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In early 2020, as economies and societies the world over began to shut down in efforts to reduce the spread of COVID-19, I was, like many of us, reminded of how closely we are all interlinked through transport. The mobility of people and goods – the lifeblood of so many livelihoods and trade; the bridge for people to access health, education, food and finance – was suddenly ground to a near-halt.
Fast forward to late 2021. Under the shadow of the pandemic, we have lost years, if not decades, of progress towards poverty eradication. Inequalities within and across countries have widened. Economic growth prospects, even now, are uneven and uncertain. Climate change has continued inexorably, with its disastrous effects becoming ever more evident.
Despite these setbacks, we can still achieve a better future by following the detailed roadmaps of the 2030 Agenda for Sustainable Development and the Paris Agreement on climate change, but we need to ramp up our collective efforts.
We must move swiftly and wisely to accelerate progress simultaneously across multiple goals and targets with focused, global action. We need to direct our attention towards areas with deep, systemic links across the economic, social, and environmental dimensions of sustainable development.
One of these crucial areas is sustainable transport. It aims to boost greener economic growth, secure universal access for people, enhance safety on the roads, improve resilience and greater efficiency, and reduce the environmental impact on the air we breathe.
Achieving these ends has the potential to reverse many of the sustainable development setbacks, while setting the course more firmly towards a sustainable and equitable future for all.
But we still have quite a distance to go: over a billion people lack access to an all-weather road and only about half the world’s urban population has convenient access to public transport. Road traffic injuries are the leading cause of death among young people aged 15 to 29, and transport systems are not resilient enough in the face of frequent and more intense extreme weather events. Transport contributes about a quarter of direct carbon dioxide emissions from burning fossil fuels.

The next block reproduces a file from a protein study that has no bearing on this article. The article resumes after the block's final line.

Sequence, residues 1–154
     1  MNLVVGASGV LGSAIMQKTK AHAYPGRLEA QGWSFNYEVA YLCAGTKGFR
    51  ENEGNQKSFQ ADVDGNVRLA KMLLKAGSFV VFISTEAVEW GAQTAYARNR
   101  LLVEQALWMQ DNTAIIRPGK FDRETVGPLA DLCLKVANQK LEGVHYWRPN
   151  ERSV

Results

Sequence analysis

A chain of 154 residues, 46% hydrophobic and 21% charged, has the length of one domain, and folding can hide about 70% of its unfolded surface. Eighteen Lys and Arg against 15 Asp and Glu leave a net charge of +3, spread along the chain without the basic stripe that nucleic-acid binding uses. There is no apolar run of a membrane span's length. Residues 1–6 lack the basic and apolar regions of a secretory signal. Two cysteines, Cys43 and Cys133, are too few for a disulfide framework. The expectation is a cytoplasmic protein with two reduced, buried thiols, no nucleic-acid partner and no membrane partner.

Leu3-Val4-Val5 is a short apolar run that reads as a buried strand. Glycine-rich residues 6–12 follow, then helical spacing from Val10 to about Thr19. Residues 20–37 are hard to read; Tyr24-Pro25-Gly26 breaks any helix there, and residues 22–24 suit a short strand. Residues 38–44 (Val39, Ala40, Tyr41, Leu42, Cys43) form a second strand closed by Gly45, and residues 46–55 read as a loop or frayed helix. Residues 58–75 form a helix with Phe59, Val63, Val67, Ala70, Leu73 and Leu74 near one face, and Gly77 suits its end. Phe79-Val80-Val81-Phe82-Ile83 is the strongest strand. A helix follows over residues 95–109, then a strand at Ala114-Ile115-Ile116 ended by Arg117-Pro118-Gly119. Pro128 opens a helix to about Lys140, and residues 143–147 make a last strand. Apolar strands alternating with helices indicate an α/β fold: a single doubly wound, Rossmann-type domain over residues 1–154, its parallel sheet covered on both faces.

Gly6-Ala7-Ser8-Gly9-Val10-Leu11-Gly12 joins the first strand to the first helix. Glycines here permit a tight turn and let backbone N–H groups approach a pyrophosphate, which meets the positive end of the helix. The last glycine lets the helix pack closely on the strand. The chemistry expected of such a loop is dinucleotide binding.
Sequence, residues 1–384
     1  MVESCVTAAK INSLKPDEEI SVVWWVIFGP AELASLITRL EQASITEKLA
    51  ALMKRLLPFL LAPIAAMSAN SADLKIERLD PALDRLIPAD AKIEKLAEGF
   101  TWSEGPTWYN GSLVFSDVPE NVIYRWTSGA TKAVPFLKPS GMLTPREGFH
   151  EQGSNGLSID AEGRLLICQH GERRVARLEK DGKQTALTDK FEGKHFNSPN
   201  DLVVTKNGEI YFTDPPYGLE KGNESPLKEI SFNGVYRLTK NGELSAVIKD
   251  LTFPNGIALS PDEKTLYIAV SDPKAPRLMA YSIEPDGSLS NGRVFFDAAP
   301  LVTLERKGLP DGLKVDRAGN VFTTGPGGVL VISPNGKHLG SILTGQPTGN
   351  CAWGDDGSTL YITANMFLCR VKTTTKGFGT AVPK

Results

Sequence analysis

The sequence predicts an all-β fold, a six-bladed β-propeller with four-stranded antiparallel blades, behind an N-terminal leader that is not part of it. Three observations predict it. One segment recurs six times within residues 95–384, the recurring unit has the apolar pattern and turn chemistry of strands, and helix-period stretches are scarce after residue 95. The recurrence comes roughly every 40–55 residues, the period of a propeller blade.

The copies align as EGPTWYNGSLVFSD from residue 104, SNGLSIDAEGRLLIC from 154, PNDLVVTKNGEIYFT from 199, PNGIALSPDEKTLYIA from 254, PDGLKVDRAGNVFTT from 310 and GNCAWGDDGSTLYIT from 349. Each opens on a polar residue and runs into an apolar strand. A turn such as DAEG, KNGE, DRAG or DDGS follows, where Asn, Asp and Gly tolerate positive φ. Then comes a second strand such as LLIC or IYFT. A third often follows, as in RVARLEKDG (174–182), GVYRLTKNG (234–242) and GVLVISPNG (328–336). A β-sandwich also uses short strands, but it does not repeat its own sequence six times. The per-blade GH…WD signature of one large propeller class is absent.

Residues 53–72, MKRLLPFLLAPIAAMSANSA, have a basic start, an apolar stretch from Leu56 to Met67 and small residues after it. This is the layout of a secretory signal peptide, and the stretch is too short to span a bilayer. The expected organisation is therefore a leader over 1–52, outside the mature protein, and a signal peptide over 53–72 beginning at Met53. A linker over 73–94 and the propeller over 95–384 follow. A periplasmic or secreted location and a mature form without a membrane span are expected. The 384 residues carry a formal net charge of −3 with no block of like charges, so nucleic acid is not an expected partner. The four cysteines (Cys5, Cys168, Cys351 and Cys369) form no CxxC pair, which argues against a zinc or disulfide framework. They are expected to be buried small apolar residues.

This is why the United Nations Second Global Sustainable Transport Conference, being held in Beijing, China from October 14 to 16, is taking place at a particularly important time.
It is an opportunity for the kind of knowledge-sharing, collaboration and dialogue, necessary to advance progress in sustainable transport.
It is also a chance to recognise and record the extraordinary dynamism of multiple global actors whose commitments and partnerships are driving change. I invite and encourage their contributions to our special online registry.
Ahead of the Conference, I see three main priorities:
First, we have to make sure that transport is accessible, safe and affordable for everyone, everywhere. Land-locked developing countries, least developed countries and small island developing states need support to leapfrog toward sustainable, resilient connections with global and regional networks. Targeted efforts are also needed to ensure transport safety and accessibility for people who face the most difficulties in availing of mobility services.
Second, while efforts are underway, more needs to happen – and faster – in mobilising transport for climate action. Improving energy efficiency and increasing the use of low- or zero-carbon energy sources, such as alternative fuels or renewables-powered electric vehicles, must be extended without delay. At the same time, investing in more resilient infrastructure is also essential to counter those adverse impacts that are already happening. As we do so, let us also be careful to not create new forms of inequality or environmental damage.
Third, we must do what it takes to work cohesively within countries, but also through international cooperation. Understanding and intentionally leveraging the interlinkages between sustainable transport and the Sustainable Development Goals (SDGs) and their targets is an opportunity to resolve trade-offs and to benefit from synergies. Solutions already exist for many of the interconnected challenges we face, and many others are being developed. But getting them to work will only happen if we overcome our historic fragmentation and help all partners to work together towards our common goal.
As we navigate a shared path out of the pandemic, it is time for all hands on deck for making sustainable transport a force for the SDGs and climate action. With the clock already ticking on our 2030 deadline, we cannot afford to miss this boat.
Liu Zhenmin, under-secretary-general for the UN Department of Economic and Social Affairs.